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Crank CoverReading STRAIGHTLING is like watching a great horror flick. You really want to cover your eyes, but you just can’t! Compelling. Scary. Totally real.—Ellen Hopkins, New York Times Bestselling Author of CRANK



Mercy PilkingtonYou don’t so much read STRAIGHTLING as you watch, through a dark and hazy window, as a child’s soul is destroyed. There’s nothing you can do but cheer for her silently and hope she survives. Abused by her stepfather then betrayed by her own mother, Etler describes sixteen months of physical and mental torture in a government-endorsed facility that knew just how to skirt the system and avoid detection. Even more painful? The girl in these pages didn’t need the so-called help Straight had to offer. All she needed was for society to do its job protecting children. A must-read for parents, teachers, counselors, and students.—Mercy Pilkington, 2010 National Juvenile Detention Association Teacher of the Year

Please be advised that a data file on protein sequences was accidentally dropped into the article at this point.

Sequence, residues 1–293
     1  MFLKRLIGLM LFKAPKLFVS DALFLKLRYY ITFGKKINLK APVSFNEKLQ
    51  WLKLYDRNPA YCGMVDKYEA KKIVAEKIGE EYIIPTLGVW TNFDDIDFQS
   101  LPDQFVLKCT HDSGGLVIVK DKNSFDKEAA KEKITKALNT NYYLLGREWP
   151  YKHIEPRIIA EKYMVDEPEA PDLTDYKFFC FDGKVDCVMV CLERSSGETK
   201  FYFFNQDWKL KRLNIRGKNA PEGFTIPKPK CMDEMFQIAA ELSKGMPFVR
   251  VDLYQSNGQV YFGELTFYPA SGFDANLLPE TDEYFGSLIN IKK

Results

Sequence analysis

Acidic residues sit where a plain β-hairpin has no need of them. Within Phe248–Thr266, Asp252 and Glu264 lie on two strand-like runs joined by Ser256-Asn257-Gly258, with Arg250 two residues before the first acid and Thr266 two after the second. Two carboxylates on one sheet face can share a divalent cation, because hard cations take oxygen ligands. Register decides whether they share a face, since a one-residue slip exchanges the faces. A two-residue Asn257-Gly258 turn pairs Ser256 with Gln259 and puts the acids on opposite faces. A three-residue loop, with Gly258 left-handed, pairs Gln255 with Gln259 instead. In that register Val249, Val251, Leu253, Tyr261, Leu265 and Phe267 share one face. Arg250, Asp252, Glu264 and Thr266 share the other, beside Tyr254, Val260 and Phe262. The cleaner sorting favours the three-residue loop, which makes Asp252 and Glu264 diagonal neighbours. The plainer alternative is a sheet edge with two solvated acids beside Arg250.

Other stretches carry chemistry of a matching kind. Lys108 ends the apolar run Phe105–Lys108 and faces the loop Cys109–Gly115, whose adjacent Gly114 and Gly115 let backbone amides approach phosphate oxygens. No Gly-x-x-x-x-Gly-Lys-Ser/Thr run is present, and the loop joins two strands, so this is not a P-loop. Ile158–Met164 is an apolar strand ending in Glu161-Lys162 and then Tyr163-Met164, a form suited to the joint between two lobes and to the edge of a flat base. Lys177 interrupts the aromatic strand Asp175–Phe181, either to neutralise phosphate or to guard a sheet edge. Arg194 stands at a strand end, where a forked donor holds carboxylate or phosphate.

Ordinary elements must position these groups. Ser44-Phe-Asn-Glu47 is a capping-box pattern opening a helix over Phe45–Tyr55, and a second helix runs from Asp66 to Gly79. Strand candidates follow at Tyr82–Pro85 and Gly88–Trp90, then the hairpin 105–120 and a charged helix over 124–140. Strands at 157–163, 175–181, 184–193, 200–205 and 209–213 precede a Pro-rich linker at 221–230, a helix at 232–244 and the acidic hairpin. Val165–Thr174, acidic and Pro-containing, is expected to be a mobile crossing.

Prepare yourself. On page one, a young Etler takes your hand and she doesn’t let go. This naïve girl, struggling to deal with a harsh home life, is sent to a drug rehabilitation center, a place where she has no business. Though condemned to sixteen months of darkness—figurative and literal—Etler shines a light on the controversial treatment of “problem children.” You won’t be able to put STRAIGHTLING down, and you sure as hell won’t root this hard for anyone else, ever again.—Rosella Eleanor LaFevre, Editor-in-Chief, M.L.T.S. Magazine


Surviving Straight Inc., the DocumentaryWe, the survivors of Straight, wish we could make you understand what it was like. That we could put you in our skin, take you back in time, and sit you down in group. So you could motivate all day. And hear the screams. And feel the loss of yourself.  We want to convey the self-betrayal, the omnipotent, alien reality of Straight Inc. In STRAIGHTLING, Etler honors the many of us who still can’t talk about it, and the many that were unable to survive. Somehow, Etler tells her story without making it about her.—Marcus Chatfield, Author, Institutionalized Persuasion